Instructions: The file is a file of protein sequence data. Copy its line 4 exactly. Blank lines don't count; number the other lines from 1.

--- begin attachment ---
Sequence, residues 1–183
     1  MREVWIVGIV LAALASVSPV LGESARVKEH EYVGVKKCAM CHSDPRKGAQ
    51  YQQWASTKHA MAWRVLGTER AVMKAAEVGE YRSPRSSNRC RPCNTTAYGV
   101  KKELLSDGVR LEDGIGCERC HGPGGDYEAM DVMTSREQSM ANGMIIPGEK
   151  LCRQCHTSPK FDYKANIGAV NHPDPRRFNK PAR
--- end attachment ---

   101  KKELLSDGVR LEDGIGCERC HGPGGDYEAM DVMTSREQSM ANGMIIPGEK